What To Do If Your Dog Bites - Mazow | McCullough, PC
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Does Your Dog Bite? Why This Could Spell Trouble

Does Your Dog Bite?A little bite from a puppy may not seem like a big deal, but as your puppy becomes a dog, those bites can become more serious. As dogs get bigger, their jaws develop more strength and they have the potential to do a lot more damage. To protect your family, your friends, and even your dog, you need to stop the biting before it spells trouble. Even if it’s your dog’s one and only bite, you can be sued if someone is harmed.

Reasons Dogs Bite

Dogs bite for a number of different reasons. They may snap when they’re feeling possessive over an area, a toy, or their food. In other cases, they may bite out of fear, such as when they’re dealing with a vet or a stranger. Just as humans lash out when they’re in pain, dogs too may bite if they’re hurt. Mothers may even bite if they feel like their pups are in danger. Sometimes, dogs simply fall back on their evolutionary instinct to chase prey, and they bite because of that.

Stopping Your Dog from Biting

To prevent your dog from biting, try to identify why he’s biting. For instance, if he nipped you when you tried to take a toy back from him, he may be biting due to possessiveness. To prevent that from happening, you need to train your dog to “drop” or “leave” items on command. You should also train him to “wait” before giving him snacks so that he doesn’t encroach upon your plate or your hand. To be on the safe side, contact a dog trainer to help you. If you allow your dog to continue biting, the biting is likely to get worse.

Also, reduce stranger anxiety by exposing your dogs to a number of different situations, but do it in a slow and steady way that is easy on the dog. For instance, let him meet some of your friends when he’s safely on a leash, but limit interaction to 10 or 15 minutes until he’s comfortable. Also, get to know the signs that your dog is feeling anxious and may be about to bite.

Signs Your Dog Might Bite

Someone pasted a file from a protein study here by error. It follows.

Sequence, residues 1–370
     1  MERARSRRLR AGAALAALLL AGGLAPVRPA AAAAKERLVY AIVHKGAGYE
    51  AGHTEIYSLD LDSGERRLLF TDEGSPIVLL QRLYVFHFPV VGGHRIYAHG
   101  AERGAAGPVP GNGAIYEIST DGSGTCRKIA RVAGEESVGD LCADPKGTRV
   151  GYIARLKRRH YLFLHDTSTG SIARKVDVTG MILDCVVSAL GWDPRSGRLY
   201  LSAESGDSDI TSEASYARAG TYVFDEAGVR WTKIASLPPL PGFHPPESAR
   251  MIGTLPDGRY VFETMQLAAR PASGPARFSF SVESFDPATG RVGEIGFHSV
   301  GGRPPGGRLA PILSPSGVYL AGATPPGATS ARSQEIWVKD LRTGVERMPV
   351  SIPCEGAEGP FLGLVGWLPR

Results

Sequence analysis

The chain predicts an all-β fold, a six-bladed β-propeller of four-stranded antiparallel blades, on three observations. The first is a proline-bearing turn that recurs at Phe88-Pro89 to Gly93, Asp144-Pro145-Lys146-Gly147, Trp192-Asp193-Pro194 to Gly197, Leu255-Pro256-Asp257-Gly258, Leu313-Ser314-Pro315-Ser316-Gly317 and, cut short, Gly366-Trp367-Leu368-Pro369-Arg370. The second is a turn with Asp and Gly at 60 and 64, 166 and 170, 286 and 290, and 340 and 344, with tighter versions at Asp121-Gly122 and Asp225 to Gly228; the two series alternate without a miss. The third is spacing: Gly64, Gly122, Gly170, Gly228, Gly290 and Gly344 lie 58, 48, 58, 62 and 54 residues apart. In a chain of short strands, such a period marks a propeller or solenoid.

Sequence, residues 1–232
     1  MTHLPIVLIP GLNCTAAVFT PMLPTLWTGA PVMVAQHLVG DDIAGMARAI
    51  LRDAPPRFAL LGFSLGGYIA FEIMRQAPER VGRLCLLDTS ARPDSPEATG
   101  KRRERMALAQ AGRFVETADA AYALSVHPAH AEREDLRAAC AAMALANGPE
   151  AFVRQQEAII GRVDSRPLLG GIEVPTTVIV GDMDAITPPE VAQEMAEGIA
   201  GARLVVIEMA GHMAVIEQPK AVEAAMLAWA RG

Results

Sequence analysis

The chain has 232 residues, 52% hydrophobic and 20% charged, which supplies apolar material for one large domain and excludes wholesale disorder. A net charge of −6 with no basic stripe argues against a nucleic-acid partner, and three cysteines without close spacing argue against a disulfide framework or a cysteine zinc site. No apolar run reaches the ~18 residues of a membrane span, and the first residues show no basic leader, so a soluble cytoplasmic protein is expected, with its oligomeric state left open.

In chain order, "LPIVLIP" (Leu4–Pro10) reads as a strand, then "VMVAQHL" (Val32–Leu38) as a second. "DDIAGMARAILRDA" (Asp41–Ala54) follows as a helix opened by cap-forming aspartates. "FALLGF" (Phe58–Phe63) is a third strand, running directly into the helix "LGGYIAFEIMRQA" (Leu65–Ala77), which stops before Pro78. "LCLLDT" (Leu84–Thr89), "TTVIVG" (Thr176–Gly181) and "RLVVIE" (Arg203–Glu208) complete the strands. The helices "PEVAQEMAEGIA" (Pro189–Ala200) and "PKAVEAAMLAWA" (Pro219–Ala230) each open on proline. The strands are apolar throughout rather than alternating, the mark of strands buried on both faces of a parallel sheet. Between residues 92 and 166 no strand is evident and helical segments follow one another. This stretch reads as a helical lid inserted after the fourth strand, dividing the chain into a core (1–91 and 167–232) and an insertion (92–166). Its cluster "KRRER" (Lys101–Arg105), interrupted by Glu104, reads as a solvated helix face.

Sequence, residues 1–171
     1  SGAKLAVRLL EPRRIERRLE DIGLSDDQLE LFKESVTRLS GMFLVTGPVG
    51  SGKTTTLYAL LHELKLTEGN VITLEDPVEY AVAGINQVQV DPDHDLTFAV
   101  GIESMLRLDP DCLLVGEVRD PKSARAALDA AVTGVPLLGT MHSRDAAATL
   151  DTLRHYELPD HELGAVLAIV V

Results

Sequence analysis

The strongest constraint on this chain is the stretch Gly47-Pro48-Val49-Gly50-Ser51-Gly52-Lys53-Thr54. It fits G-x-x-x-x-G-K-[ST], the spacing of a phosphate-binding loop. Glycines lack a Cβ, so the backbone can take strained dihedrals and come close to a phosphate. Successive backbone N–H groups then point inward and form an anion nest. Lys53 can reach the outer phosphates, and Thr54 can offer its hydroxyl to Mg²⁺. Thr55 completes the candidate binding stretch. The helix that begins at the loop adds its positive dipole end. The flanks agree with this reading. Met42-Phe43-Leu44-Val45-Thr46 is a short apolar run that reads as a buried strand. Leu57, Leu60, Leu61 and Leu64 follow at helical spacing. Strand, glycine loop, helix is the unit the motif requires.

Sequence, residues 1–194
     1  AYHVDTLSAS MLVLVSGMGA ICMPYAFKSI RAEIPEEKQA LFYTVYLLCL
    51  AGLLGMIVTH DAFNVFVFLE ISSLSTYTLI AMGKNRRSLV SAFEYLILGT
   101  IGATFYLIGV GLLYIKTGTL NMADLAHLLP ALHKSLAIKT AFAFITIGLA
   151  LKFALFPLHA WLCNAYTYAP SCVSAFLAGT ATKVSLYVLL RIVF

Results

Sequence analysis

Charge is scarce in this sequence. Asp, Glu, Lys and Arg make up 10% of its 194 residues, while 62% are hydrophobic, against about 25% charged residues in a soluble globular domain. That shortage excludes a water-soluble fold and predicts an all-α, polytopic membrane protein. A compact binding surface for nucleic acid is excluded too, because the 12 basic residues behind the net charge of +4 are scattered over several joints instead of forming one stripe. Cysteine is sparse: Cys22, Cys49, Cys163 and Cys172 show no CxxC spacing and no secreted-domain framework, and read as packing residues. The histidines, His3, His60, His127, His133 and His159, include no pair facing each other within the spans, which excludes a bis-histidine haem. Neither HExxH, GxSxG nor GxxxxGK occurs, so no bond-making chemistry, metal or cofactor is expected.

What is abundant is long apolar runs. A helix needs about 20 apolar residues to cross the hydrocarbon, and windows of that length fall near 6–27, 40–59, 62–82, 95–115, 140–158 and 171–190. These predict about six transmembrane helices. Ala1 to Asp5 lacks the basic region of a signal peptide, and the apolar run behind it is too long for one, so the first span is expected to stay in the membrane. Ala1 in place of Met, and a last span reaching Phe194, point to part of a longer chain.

Dogs usually show a number of aggressive behaviors before they attack. When dogs are uncomfortable, the fur stands up on their back. At the same time, dogs expose their teeth and the whites of their eyes while pinning back their ears. In other cases, dogs may act standoffish by holding their ground or making direct eye contact with other dogs. When you see these signs, get your dog out of that situation and into a space where he can calm down.

Risks to Your Children

If you have children, they face an even larger risk of being bitten than you do. In fact, over half of all dog bite victims are children under the age of 13. Children and even babies are also much more likely to die from dog attacks than adults. Arguably, their small stature makes them more vulnerable than adults, and small children may provoke or interrupt dogs in ways that make them snap.

Liability Concerns

In addition to thinking about your family’s safety, you also need to think about your liability if your dog bites someone else. When it comes to dog bites, Massachusetts is a strict liability state. In other words, you are criminally and civilly liable if your dog attacks someone. The only exception is if your dog attacks someone age seven or older who is trespassing on your property, physically attacking you, or provoking the dog.

If your dog has a history of aggressive behavior, you may face even greater liability. The prosecuting attorney may try to argue that you should have take action before your dog attacked.

Have you been attacked, bitten, or injured by a dog? If so, you may be entitled to compensation. To learn more, contact Mazow | McCullough, PC today. We can start with a free case evaluation and help you decide the next steps.

Dog Bite Injuries


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